Some say Israel’s 50th has been a hard birthday to reckon with. Have we built our house of twigs or bricks? Wolves are still at the door, but now there’s huffing and puffing from the inside, too. A beer in solitude seems preferable to a cake with too many candles. In sympathy, all of us, at one time or another, have had a birthday when the last thing we wanted was to arrive home, tense and melancholy, only to enter a living room full of friends yelling “Surprise!”
Perhaps, though, on days like that, our friends know us better than we know ourselves; we know Israel deserves celebration and love even if recent history has worn her down.
It is rightly said that “anyone who isn’t confused doesn’t
really understand the situation.” The body politic has been ravaged and malnourished by centuries of vast dispersion, hostility, humiliation. Questions still exist that were first posed at Israel’s birth: Is this a Jewish state, or just a state for Jews? Who will be ascendant, East or West, Ashkenaz or Sephard, academics, anarchists, romantics or rogues?
But as Emerson wrote in another time and place, “She sees a little better on a cloudy day, and in that storm of battle and calamity, she has a secret vigor and pulse like a cannon.” She has won four wars of survival, and cold wars of diplomacy and intrigue that led to the messiah-like ingathering of millions from once-forsaken places. And the morning-after headaches that follow.
It doesn’t always seem like party time.
But “Surprise!” anyway, old friend, these 50 years have been remarkable, a redemption, a recuperation. Wake our ancestors from eternal slumber and one glance at modern Israel will seem mighty evidence that a messiah walked the earth, even if the redeemer has been but our blood, toil, sweat and the invisible grace of Providence.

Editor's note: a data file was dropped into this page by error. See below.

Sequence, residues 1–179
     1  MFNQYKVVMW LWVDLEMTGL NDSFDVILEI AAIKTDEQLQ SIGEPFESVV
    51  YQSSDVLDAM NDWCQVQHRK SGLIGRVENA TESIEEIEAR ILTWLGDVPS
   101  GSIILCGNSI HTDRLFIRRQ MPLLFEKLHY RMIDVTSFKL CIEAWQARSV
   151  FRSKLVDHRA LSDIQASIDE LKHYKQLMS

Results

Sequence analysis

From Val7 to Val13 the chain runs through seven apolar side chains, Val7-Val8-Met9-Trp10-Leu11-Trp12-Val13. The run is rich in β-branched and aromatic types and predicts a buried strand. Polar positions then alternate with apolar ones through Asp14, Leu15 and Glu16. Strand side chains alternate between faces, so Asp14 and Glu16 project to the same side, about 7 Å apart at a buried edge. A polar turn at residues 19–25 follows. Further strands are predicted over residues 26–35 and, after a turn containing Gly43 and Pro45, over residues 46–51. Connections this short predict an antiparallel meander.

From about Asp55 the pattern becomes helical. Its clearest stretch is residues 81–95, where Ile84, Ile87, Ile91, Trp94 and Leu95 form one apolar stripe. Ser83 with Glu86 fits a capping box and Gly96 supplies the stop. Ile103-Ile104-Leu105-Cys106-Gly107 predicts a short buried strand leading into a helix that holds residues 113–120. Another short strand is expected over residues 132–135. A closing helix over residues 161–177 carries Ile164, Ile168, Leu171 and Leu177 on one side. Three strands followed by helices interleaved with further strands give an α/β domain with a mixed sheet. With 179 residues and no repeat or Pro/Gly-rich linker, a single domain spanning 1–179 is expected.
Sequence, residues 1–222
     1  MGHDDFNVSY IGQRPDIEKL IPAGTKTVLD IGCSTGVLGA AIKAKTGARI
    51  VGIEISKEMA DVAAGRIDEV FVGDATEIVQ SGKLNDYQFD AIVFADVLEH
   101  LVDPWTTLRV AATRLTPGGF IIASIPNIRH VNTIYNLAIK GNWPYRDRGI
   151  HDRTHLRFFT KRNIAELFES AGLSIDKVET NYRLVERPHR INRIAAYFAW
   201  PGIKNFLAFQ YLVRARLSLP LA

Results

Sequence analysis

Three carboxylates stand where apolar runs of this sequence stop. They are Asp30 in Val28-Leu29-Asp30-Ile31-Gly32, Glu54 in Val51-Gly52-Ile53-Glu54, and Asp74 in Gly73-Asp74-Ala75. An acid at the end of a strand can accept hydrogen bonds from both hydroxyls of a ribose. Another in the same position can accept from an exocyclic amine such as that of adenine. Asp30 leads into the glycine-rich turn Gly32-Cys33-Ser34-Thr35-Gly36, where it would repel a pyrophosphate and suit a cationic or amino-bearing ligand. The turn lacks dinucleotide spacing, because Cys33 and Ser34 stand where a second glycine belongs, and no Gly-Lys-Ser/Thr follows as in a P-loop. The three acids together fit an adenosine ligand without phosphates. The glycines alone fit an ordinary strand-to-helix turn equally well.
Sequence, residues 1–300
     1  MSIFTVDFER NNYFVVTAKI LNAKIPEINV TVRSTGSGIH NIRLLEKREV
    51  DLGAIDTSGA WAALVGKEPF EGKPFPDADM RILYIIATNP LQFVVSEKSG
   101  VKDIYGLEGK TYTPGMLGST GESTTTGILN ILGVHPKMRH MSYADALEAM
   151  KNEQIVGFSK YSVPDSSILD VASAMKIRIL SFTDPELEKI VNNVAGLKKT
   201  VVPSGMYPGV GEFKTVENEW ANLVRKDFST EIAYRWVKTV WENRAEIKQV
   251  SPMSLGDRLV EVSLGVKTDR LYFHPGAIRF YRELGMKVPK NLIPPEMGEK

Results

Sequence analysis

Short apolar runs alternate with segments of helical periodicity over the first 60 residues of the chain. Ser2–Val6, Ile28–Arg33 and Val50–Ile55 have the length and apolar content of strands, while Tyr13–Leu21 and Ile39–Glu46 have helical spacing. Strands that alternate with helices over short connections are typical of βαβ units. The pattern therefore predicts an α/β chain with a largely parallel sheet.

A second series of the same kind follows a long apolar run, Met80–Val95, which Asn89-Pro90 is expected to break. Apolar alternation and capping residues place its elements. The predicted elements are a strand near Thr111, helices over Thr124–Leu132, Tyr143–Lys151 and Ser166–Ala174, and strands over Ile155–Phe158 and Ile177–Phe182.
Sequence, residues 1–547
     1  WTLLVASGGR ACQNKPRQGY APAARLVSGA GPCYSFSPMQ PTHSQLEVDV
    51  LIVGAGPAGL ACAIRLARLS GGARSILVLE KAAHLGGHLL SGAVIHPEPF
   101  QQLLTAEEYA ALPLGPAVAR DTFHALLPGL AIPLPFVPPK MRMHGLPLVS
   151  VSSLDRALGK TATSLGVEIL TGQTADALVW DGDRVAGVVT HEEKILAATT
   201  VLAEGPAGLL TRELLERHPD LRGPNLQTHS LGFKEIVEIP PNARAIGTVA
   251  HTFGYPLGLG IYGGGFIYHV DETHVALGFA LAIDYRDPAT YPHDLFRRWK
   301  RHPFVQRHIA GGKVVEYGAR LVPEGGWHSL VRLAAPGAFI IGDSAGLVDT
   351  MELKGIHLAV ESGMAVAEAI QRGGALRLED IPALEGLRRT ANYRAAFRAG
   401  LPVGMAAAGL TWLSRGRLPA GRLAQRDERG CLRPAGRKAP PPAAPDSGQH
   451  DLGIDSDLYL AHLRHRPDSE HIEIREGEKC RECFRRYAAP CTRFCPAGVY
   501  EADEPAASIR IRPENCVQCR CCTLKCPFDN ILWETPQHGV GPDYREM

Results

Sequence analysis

Like Jimmy Stewart’s lesson in “It’s A Wonderful Life,” Israel is best appreciated by imagining a world without her being born, a post-Holocaust world. Our souls would feel a colder shiver.
Return to the sensation of the 1947 partition vote, just 150 weeks after Auschwitz. Return to the thrill of the 1967 shofar in a reunited Jerusalem, the Entebbe rescue, the flowering of life where once was malaria, swamps and dunes — miracles so cascading that they managed to turn miracles into cliche.
This dusty outpost of the old Ottoman Empire has transformed itself into a high-tech paradise, with universities, artistic enterprise, yeshivas and freedoms surpassing anything in the Middle East, and often beyond.
Summon back the thrill of Sadat’s first visit, his embrace with Begin, and the still-gestating, never-departing promise of Camp David and Oslo.
Forget the unpaid bills. Get out of town, beyond the beltway of Jerusalem and Tel Aviv. The Sea of Kinneret is still as blue as it was in 1950, as in the dreams of 1650. The waterfalls and wild goats of Ein Gedi are still magic. Haifa and Beersheva have grown tall and sturdy. We have access to Rachel’s Tomb, and the cool mountain caves and sacred pools under the highland of Sefat. The prayerbook shares her Hebrew now with newspapers, novels, movies, poetry, conversation. We have re-entered the dignity of history and self-determination.
In this issue, we’ll meet citizen-heroes who were present at the creation, and we’ll examine several sets of blueprints for the years ahead. Rabbi David Hartman searches his country’s soul and confronts the painful questions it must ponder in its next 50 years; Rochelle Furstenberg chronicles Israeli artists’ quest for a cultural identity; and staff writer Lawrence Cohler-Esses outlines the new struggle facing Israelis: the one over the very nature of their country.
For 2,000 years, Jews clutched the dream that if only we could get back to where we first fell in love with our history and destiny, then everything would be right for us again. The job’s not finished, but things already are more right than anytime since the Holy Wall was just one of four. These 50 years of Israel have been a blessing. She’s had a wonderful life, and long may she wave.